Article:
How Does the Scam Work?

This con is prevalent after a natural disaster causes a power loss in an area. Con artists posing as electric company employees knock on doors and offer to fix your power for a flat fee. If you still use a traditional landline phone, which can function without electricity, you may also be targeted by fraudsters.

Scammers may demand payment to restore power to your home. Other times, they say electricity will be restored eventually, but charging a charge for “rapid service restoration” will ensure a quicker turnaround time.

But in actuality, they aren’t even affiliated with the utility. They are unable and unwilling to restore your power. Don’t give them any more of your money; they’ll just take it and run.

How to Recognize a Scam

To put it simply, this is straightforward. For the avoidance of doubt, please assume that any and all promises to restore your electricity for a charge are fraudulent. The legitimate utility provider is the only one that can fix your electricity for free. You can’t speed things up by paying more money.

What Should You Do?

It’s just as simple to do that as well, by closing the door or ending the call. Don’t even think about inquiring further. Don’t waste your time on it; it’s obviously a hoax.

Scams Regarding Replacement and Repair

Your actual electric provider may need to visit your home on occasion to repair or replace components like your electric meter. Cons will use this information to trick you into paying for upgraded infrastructure by pretending to be utility staff.

How Does the Scam Work?

This con often takes place over the phone. If you get a call from someone claiming to be from the power company and informing you that they need to make adjustments to your home’s machinery, you should be suspicious. They can say they need to fix your electric meter or install a new one, or they might offer to upgrade you to a smart meter.

Callers want payment in advance for this “urgent” service. They might threaten to turn off your power unless you pay up.

How to Recognize a Scam

The scammers behind certain iterations of this phone call will go to extraordinary measures to make it appear like they are calling from a real company. Spoofed phone numbers are used by con artists who then try to schedule an installation appointment and provide a phony call-back number.

Nonetheless, there are several indicators that might help you determine if the call is legitimate or not. Unless you report the meter as broken, your actual utility provider is unlikely to repair it. They will notify you in advance if they need to replace or improve it. 

Finally, any fees associated with the new appliances will be included in your monthly electricity statement rather than being requested separately.

What Should You Do?

Think of it like you would any other fraud. Never give out personal information or pay a price over the phone. If you’re unsure whether or not the alert is genuine, you should get in touch with the relevant service provider. Instead of using a call-back number supplied over the phone, use the company’s official number or go online.

Scams involving Overpayments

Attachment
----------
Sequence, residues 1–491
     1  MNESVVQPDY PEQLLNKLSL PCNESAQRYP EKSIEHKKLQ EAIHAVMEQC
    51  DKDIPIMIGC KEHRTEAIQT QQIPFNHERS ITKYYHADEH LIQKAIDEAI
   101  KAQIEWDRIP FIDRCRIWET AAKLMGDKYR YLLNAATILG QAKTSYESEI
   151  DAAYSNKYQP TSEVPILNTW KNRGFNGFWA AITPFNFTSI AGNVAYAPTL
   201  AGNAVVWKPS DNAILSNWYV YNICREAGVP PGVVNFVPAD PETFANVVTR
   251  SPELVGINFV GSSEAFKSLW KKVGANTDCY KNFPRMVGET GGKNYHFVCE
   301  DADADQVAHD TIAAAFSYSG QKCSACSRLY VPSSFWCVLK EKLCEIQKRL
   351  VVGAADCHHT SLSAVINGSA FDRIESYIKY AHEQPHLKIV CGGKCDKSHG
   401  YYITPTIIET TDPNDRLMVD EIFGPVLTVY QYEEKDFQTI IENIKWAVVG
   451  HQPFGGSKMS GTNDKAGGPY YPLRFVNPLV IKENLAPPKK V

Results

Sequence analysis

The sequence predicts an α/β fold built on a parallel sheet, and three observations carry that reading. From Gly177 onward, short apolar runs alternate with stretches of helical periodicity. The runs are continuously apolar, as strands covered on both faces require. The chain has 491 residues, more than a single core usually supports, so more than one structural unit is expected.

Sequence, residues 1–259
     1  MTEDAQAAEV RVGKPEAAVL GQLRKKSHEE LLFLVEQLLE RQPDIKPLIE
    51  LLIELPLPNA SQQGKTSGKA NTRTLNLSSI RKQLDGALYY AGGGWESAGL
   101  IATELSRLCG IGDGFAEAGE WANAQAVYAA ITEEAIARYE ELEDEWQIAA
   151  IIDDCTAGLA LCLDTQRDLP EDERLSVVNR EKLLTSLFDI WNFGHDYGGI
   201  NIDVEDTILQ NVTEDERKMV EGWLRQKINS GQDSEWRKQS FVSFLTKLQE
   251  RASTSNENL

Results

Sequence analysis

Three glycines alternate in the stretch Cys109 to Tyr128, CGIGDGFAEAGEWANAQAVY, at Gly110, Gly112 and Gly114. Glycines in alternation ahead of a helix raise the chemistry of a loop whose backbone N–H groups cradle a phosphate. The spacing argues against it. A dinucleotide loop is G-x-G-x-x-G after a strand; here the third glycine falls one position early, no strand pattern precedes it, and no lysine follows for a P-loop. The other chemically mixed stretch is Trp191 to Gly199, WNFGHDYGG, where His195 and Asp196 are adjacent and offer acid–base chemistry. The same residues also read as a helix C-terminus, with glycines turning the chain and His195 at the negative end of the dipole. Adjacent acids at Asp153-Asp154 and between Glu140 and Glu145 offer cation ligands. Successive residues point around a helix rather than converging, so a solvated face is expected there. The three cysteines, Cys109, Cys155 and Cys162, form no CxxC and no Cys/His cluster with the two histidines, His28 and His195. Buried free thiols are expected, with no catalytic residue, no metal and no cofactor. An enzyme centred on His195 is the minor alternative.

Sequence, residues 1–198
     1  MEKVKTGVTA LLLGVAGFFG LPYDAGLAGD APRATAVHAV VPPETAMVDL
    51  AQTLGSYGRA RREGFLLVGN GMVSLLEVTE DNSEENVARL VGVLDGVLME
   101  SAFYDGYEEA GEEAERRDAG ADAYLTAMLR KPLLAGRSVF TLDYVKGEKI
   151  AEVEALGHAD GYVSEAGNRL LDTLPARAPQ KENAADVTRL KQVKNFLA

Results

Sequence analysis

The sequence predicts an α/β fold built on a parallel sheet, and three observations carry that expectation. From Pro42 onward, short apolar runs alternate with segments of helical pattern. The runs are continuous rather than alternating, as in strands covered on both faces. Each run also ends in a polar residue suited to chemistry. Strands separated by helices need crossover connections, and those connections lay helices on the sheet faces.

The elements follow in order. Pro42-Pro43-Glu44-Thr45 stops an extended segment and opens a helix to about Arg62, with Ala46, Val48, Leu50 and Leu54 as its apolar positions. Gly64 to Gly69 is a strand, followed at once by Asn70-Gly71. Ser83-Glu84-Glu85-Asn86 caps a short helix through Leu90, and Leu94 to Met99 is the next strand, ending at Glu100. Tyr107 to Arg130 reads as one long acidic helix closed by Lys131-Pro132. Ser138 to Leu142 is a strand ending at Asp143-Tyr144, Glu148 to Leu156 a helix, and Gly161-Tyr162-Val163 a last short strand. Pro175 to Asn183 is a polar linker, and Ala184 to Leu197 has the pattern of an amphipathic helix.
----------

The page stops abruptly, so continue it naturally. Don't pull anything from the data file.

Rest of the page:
In this con, the utility provider calls to pretend you’ve overpaid on your payment and they need to refund the difference. You can get your money back with only the click of a button.

How Does the Scam Work?

If you comply with the prompt and hit the button, you’ll be linked to a service that will ask for your financial details, such as your account or card number. The electric company claims they need this information so that they may electronically transfer your reimbursement.

Once fraudsters obtain your account information, though, they will start transferring funds out of your account rather than into it. Scammers may also seek for sensitive information like Social Security numbers in order to steal victims’ identities.

You may also be offered a discount on future payments rather than a direct refund in a different variation of this scam. The common practice, however, is to suggest that you move to a different utility company for your energy or gas needs. You could have to pay more for gas or electricity than you do today, or even worse, have to pay two separate bills.

How to Recognize a Scam

The power provider is not likely to issue a refund check if you accidentally overpay your bill. Instead, the overpayment would be reflected as a credit on your account and applied to the subsequent statement. Not only that, but doing so wouldn’t necessitate any effort on your behalf.

What Should You Do?

Don’t answer the phone if you get a call like this. Don’t even bother pressing a number if you get one of these calls; doing so might lead to additional spam calls in the future. Drop the call and contact your actual utility provider to report the fraud.

You may also use this time to inquire as to whether or not you have really overpaid your payment, but you shouldn’t be astonished if you haven’t.

Fake Federal Programs

It’s a horrible con that takes advantage of folks who are already struggling financially. Swindlers will tell victims they can assist them pay their utility bills, but then take their money or use their personal information to commit identity theft.

How Does the Scam Work?

Those trying to defraud you will claim to represent a “special federal program” that will assist pay for your utility costs. They could contact you by phone, email, text message, social media, or even a personal visit to your home. They also put out flyers in low-income areas where they believe individuals may be in need of assistance.

They will try to pry information out of you after they have you on the hook. Information about yourself, such as your name, address, and Social Security number, is requested throughout the registration process for the program.